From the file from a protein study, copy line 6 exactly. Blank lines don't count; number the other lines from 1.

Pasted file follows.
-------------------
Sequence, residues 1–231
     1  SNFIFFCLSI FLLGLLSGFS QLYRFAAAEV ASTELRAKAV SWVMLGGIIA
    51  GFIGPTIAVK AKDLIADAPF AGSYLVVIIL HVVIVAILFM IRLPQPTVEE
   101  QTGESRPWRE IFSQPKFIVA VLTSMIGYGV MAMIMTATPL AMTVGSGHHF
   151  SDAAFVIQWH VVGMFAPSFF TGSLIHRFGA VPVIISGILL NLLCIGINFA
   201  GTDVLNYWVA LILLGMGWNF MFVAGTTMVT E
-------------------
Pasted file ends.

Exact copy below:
   201  GTDVLNYWVA LILLGMGWNF MFVAGTTMVT E